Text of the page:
- Main article: Domesticated silver fox
The domesticated silver fox is the result of over 50 years of experiments in the Soviet Union and Russia to domesticate the silver fox. The breeding project was set up in the 1950s by the Soviet scientist Dmitri K. Belyaev. As a result of selective breeding, the new foxes not only have become tamer, but more dog-like as well. The domesticated foxes exhibit both behavioral and physiological changes from their wild forebears. They are friendlier with humans, put their ears down (like dogs), wag their tails when happy, and have begun to vocalize and bark like domesticated dogs. They have also developed color patterns like domesticated dogs and have lost their distinctive musky "fox smell."
According to the creation myth of the Achomawi people of California, the silver fox originated as a fog which formed at the creation of the earth, and subsequently became human. Travelling the water-covered earth in a canoe, the silver fox unintentionally created land masses by throwing the hair stuck to his comb into the sea.
- Cross fox (animal)
- Domesticated silver fox
- Audubon, John James (1967). The Imperial Collection of Audubon Animals, p307.
- Macdonald, David (1987). Running with the Fox, p224, Unwin Hyman.
- Laut, Agnes C. The Fur Trade of America, Kessinger Publishing, 2004. ISBN 0-7661-9616-X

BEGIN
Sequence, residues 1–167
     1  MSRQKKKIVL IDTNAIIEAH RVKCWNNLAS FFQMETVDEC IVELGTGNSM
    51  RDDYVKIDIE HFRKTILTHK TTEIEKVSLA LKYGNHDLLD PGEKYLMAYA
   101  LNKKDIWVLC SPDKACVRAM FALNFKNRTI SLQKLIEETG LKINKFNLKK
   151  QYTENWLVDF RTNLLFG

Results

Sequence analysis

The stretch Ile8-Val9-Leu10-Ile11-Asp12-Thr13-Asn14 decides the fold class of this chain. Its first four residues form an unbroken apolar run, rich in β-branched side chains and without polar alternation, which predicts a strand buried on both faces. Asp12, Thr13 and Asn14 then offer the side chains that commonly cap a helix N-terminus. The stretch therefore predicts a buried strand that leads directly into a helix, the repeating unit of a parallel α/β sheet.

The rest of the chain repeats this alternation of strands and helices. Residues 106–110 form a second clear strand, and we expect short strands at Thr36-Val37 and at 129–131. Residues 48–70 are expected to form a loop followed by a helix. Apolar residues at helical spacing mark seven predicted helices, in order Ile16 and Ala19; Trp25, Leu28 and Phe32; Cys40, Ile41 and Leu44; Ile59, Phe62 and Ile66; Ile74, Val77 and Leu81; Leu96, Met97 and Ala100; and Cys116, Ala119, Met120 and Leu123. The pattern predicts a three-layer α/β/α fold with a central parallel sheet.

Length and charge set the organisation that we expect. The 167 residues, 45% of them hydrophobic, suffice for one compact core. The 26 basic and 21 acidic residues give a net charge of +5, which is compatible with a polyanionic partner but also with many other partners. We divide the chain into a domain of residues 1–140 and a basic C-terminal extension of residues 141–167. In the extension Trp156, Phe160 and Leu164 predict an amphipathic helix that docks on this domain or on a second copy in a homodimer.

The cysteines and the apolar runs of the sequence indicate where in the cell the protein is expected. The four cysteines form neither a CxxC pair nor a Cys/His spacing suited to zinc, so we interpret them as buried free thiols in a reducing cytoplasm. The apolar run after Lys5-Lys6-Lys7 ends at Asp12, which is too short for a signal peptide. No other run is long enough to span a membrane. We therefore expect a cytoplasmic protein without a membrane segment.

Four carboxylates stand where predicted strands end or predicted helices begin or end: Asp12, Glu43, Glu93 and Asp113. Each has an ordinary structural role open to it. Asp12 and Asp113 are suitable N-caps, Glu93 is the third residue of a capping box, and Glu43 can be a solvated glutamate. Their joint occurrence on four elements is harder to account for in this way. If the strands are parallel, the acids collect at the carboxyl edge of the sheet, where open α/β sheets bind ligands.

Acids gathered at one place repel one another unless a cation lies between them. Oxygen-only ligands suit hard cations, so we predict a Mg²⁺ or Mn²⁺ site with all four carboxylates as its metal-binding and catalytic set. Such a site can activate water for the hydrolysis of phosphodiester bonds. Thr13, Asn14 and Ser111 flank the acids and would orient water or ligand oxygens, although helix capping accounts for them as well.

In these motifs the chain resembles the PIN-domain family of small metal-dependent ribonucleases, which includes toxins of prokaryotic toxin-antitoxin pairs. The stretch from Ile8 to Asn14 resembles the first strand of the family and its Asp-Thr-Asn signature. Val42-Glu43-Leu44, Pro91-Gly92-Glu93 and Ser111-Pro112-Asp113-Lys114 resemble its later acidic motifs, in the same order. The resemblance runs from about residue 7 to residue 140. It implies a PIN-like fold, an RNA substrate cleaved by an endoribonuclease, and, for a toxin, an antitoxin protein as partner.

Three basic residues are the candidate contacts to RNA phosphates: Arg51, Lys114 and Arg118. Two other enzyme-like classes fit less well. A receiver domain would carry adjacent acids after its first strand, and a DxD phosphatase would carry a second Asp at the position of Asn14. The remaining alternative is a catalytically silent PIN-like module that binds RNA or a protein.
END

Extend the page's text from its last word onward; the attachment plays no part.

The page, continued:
- The quadrupeds of North America, Volume 3 by John James Audubon and John Bachman, by illustrated by John Woodhouse Audubon, published by V.G. Audubon, 1854
- Mammals of the Soviet Union Vol.II Part 1a, Sirenia and Carnivora (Sea cows; Wolves and Bears), V.G Heptner and N.P Naumov editors, Science Publishers, Inc. USA. 1998. ISBN 1-886106-81-9
- Red Fox, New York's Wildlife Resources, Number 11, 1982
- Morton, Thomas (1972). New English Canaan: Or, New Canaan (Research Library of Colonial Americana), p188, New York: Arno Press.
- Robinson, H. M. The Great Fur Land; Or, Sketches of Life in the Hudson's Bay Territory, BiblioBazaar, LLC, 2009. ISBN 1-115-73924-7
- Fur Farming in Estonia
- Early Canid Domestication: The Farm-Fox Experiment by Lyudmila N. Trut
- (1990) Californian Indian nights: stories of the creation of the world, of man, of fire, of the sun, of thunder ..., University of Nebraska Press.